Wednesday, September 20, 2017

Throwback Thursday: Marketing Wisdom from the 18th Century



PUBLISHED SEPTEMBER 19, 2007

The accelerating trend to consumer control won’t be a big surprise to most of you now. Sisomo (sight, sound, motion) and technology are radically changing the balance between producers and consumers, so the surprising thing is that we were ever surprised by it at all.

I’ve always loved to sell, and I’m constantly reminding Saatchi & Saatchi people that advertising is about selling stuff. Once you understand that simple fact a whole lot else falls into place. Anyone who has ever sold anything successfully over a period of years has got to know in their gut from day one that the consumer is boss. You can’t make it work any other way. Try to flog shabby products or half-hearted brands and you get nowhere. Treat the people you are selling to with no respect and you get punished. Act as though you have more important things on your mind and they’ll walk. David Ogilvy once famously said, “The consumer isn’t a moron, she’s your wife”. Today we’d add your colleague, your boss, your friend, your analyst, your judge, your governor, etc. The idea is important. Never, ever believe that you know better. I was reminded recently that this is not an idea born in the 20th century. It’s been with us for a long time. The reminder came in Tim Blanning’s great history of Europe, The Pursuit of Glory, and this statement:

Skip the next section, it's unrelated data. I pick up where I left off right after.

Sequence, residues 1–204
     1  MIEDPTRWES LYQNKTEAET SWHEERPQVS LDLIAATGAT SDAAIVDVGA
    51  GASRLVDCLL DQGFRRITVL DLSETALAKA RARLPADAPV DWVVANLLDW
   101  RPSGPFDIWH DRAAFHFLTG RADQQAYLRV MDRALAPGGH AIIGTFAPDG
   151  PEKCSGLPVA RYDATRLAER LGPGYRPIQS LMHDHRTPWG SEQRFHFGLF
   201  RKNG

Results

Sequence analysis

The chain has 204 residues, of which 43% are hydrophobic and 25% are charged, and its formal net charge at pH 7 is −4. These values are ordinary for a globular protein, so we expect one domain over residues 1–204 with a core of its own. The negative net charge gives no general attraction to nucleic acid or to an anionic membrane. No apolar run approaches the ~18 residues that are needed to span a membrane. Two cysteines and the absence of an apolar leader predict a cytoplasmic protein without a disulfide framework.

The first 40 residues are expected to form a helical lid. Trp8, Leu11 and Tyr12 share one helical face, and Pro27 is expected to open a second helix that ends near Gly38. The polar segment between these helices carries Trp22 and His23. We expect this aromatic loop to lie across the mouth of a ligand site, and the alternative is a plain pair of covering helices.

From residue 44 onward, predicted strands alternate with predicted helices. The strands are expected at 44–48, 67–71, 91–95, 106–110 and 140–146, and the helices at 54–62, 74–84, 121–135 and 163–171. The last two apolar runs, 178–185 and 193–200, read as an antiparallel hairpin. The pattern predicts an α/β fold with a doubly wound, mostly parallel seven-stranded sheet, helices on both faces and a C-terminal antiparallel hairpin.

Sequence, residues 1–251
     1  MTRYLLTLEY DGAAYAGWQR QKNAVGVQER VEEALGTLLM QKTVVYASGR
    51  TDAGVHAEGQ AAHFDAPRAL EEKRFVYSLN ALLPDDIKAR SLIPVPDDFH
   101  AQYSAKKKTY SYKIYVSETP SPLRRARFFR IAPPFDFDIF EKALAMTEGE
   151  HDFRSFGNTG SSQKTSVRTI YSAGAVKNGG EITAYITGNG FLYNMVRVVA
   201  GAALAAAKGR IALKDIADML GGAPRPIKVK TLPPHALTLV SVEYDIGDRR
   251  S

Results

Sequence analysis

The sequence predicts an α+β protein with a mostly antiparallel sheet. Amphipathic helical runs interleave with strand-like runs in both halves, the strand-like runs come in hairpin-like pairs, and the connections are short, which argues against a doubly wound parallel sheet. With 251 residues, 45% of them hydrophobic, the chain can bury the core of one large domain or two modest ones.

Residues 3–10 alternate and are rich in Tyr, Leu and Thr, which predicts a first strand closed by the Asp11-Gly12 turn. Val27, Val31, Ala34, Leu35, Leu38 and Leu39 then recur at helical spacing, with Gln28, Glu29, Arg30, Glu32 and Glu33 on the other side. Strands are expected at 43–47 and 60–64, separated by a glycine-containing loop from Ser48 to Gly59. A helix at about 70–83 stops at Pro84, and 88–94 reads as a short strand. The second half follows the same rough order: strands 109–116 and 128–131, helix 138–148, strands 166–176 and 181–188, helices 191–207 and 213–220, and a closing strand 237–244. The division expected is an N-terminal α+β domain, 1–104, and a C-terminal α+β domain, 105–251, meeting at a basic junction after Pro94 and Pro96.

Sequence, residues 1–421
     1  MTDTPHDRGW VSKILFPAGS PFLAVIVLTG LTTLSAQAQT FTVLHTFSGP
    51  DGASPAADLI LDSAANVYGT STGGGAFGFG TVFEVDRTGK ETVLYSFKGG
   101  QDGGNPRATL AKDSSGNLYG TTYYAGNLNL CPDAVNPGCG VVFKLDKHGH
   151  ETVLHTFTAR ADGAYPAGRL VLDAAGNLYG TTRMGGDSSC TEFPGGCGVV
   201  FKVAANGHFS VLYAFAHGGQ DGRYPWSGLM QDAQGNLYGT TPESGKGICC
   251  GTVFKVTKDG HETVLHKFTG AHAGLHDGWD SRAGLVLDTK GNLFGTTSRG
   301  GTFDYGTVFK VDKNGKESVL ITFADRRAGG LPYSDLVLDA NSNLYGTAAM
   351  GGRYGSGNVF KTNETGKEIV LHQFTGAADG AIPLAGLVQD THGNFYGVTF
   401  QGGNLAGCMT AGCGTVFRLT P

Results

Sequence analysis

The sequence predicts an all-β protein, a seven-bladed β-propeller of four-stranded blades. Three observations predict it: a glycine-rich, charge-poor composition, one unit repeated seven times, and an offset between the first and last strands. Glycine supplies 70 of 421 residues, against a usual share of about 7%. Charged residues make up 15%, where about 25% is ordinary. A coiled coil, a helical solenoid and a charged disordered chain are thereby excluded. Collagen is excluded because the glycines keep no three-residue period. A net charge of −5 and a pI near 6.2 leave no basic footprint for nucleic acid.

“Consumption is the sole end and purpose of all production; and the interests of the producer ought to be attended to, only in so far as it may be necessary for promoting that of the consumer.”